Impact of scaffoldin mechanostability on cellulosomal activity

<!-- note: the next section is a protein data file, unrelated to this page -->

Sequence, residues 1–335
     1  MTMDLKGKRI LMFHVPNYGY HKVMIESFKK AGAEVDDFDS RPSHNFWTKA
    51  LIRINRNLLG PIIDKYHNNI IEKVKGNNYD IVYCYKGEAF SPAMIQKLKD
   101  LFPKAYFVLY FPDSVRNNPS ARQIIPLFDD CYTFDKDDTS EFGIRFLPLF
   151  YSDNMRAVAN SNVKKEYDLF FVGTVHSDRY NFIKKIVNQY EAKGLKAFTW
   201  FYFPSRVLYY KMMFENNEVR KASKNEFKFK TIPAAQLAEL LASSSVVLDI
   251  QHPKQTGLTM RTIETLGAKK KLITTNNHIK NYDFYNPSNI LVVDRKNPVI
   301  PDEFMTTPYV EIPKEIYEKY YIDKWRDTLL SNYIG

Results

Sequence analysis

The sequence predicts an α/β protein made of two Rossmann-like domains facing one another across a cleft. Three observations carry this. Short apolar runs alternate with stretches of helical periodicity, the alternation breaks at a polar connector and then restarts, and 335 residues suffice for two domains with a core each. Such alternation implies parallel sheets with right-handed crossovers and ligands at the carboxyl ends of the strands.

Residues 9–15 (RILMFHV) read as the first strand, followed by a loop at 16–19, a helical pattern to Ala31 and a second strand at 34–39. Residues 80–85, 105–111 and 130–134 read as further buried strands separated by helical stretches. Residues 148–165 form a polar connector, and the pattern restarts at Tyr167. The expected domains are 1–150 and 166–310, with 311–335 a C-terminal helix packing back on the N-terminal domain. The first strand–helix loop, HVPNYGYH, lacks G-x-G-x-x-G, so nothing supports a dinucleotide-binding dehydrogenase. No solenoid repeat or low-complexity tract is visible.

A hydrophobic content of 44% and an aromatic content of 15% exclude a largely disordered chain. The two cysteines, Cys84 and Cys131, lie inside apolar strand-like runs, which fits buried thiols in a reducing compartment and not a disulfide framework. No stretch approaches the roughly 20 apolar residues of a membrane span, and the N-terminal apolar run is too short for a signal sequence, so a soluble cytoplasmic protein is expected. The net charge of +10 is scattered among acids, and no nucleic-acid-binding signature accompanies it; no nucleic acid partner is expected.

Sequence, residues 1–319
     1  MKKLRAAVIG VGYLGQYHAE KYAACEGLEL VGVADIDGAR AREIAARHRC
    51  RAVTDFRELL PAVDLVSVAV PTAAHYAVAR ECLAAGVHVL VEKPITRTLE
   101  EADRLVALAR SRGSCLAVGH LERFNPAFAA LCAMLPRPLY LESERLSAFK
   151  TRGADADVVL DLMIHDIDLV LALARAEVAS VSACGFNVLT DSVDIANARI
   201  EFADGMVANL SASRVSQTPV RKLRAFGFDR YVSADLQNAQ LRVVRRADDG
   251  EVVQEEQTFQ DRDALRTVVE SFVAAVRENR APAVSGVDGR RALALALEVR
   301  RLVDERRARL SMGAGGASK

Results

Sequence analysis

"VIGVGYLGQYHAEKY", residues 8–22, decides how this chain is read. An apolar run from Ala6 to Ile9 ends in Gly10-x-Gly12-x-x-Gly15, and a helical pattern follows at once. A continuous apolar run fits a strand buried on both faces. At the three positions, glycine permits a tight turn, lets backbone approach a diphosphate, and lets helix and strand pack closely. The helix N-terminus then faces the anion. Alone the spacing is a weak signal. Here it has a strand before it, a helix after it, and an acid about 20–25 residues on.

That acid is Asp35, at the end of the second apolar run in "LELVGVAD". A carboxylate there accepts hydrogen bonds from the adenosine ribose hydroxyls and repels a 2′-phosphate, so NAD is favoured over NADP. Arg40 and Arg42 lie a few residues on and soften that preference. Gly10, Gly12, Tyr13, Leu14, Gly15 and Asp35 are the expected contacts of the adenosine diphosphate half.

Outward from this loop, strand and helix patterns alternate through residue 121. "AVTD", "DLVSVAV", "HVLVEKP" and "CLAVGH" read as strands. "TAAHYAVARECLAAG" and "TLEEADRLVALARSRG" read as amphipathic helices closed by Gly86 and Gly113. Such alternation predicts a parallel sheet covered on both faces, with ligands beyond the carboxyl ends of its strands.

Lignocellulose is the most abundant renewable carbon source in the biosphere. However, the main bottleneck in its conversion to produce second generation biofuels is the saccharification step: the hydrolysis of lignocellulosic material into soluble fermentable sugars. Some anaerobic bacteria have developed an extracellular multi-enzyme complex called cellulosome that efficiently degrades cellulosic substrates. Cellulosome complexes rely on enzyme-integrating scaffoldins that are large non-catalytic scaffolding proteins comprising several cohesin modules and additional functional modules that mediate the anchoring of the complex to the cell surface and specific binding to its cellulosic substrate. It was proposed that mechanical forces may affect the cohesins positioned between the two cell- and cellulose-anchoring points in the so-called connecting region. Consequently, the mechanical resistance of cohesins within the scaffoldin is of great importance, both to understand cellulosome function and as a parameter of industrial interest, to better mimic natural complexes using the established designer cellulosome technology. Here we study how the mechanical stability of cohesins in a scaffoldin affects the enzymatic activity of a cellulosome. We found that when a cohesin of low mechanical stability is positioned in the connecting region of a scaffoldin, the activity of the resulting cellulosome is reduced as opposed to a cohesin of higher mechanical stability. This observation directly relates mechanical stability of the scaffoldin-borne cohesins to cellulosome activity and provides a rationale for design of artificial cellulosomes for industrial applications, by incorporating mechanical stability as a new industrial parameter in the biotechnology toolbox.